- Parent Category: Current Contents
- Category: Opening Position
- Written by Jayanthi Gopalakrishnan
With all the talk about the “fiscal cliff,” I can’t help but think about what we can do to prevent the trading systems that we poured our hearts and souls into from falling off their own version of a cliff. It really makes you take risk management much more seriously. There are several risk measures you can use, yet how often do we really watch things like the CBOE skew index (SKEW), Euro STOXX 50 volatility, or even the volatility index (VIX)? The VIX is often thought of as something that is only useful for option traders, but it can be a useful tool for all traders. The VIX is considered to be a fear gauge, so it has its merits as a warning signal.
If you think about it, people trade options mostly to hedge their positions. This tells you almost instantly that option traders are motivated by fear. Given how volatile this market can be, it may be in our best interests to be fearful of the market. It is challenging to determine whether a retracement is just that or if it is a reversal.
Keeping an eye on a risk measure such as the VIX is something we all need to start implementing. Sometimes we get too comfortable watching price movements or indicators we always use; sometimes we forget to think outside of our comfort zone. Unfortunately, that can eat into our profits.
Besides the VIX, there are other indicators you can use to measure risk. You may find that some work better than others, just like any technical indicator. You may also find that some work better when the market is behaving a certain way. This is nothing new in the field of technical analysis. A bunch of indicators work well in a trending market, while others work well in a sideways market.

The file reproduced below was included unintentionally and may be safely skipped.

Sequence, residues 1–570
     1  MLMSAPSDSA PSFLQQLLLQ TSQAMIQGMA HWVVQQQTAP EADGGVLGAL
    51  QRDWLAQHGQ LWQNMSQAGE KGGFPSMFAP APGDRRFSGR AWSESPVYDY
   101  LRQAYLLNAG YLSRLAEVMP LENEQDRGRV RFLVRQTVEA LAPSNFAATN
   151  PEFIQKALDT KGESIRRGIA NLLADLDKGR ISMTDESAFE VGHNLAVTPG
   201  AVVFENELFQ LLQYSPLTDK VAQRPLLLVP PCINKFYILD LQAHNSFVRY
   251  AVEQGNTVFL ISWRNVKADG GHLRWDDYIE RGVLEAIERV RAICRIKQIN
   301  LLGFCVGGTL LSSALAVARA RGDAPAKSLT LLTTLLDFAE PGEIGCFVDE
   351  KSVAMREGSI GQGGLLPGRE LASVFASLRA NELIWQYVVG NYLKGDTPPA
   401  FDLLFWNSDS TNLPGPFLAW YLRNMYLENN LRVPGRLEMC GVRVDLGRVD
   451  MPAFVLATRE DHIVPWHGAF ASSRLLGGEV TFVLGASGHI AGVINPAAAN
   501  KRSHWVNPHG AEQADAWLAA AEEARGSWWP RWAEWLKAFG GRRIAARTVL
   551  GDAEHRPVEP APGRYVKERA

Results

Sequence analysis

In this issue, we have included an article titled “The Volatility (Regime) Switch Indicator” by Ron McEwan. Regime switching indicators are extremely complicated, but this is a simplified version. This indicator uses volatility to indicate whether the market is trending or mean reverting. Based on the direction of the market, you select an indicator to apply. The article starts here.
Regardless of which direction the market is moving, what is important is that you not lose sight of the big picture. These days, the markets are influenced by what is happening all around the world, as you will find out from our interview with Brad Reinard, which starts here. You need to be aware of everything, and most important, get used to keeping an eye on at least one risk measure.
Jayanthi Gopalakrishnan, Editor